Typically, these types of environmentally friendly flame retardant coatings are created by dipping the desired material in a solution containing one polymer with positive charges on it, followed by a dip in another solution containing a polymer with negative charges. The steps are then repeated until a desired film thickness is achieved.

Through this method, opposing charges draw the polyelectrolyte molecules in the alternating layers together into complexes on the item’s surface, forming a coating that can extinguish a flame. However, a problem that Kolibaba found with this method was that it wasn’t feasible for wood materials because it takes too long to soak up the chemicals.

In continuing his research, Kolibaba adapted a preexisting Grunlan technique, which cut the number of steps down to two: one dip to coat the wood, followed by a dip in a different solution to cure the coating by changing the pH. However, that option still proved problematic in that the resulting material was sticky and remained inconvenient for industrial or consumer applications.

After additional modifications, Kolibaba developed a new method that involved dipping the plywood in an aqueous solution containing the positively charged polymer polyethylenimine (PEI), the monomer hydroxyethyl methacrylate phosphate (HMP) and a photoinitiator known as TPO. Then, instead of dipping the wood in a second solution, it was exposed it to ultraviolet light, causing the TPO to turn the HMP into a negatively charged polymer, which then formed a polyelectrolyte complex with PEI.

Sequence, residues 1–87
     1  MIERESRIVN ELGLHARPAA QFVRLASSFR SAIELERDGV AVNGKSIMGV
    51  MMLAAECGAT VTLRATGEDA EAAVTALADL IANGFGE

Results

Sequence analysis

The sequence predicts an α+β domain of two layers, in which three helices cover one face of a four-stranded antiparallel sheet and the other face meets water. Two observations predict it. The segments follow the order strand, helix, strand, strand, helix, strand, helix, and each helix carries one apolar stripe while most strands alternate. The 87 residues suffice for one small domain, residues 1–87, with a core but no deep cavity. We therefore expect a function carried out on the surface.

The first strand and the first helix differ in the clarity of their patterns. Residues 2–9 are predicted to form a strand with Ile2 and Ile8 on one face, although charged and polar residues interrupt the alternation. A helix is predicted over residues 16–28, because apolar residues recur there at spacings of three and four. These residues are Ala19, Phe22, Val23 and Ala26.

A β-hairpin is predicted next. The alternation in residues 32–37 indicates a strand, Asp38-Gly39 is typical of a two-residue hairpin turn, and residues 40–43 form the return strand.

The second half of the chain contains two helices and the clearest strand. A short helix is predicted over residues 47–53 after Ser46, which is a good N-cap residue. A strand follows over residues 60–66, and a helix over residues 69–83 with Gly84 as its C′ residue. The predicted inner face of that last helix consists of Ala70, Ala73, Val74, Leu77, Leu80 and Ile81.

As a result, a transparent coating was left on the wood surface only a few micrometers thick. In testing the material, the treated wood reportedly lowered the amount of heat released during burning and quickly formed a surface layer of char that protected the underlying wood.

The researchers acknowledge support and funding from Texas A&M.


Tagged categories: Asia Pacific; Coating Materials; Coating Materials - Commercial; Coatings Technology; Colleges and Universities; EMEA (Europe, Middle East and Africa); Fire; Fireproofing; Fire-resistive coatings; Latin America; North America; Passive Fire Protection; Research; Research and development; Wood; Wood coatings; Wood graining; Z-Continents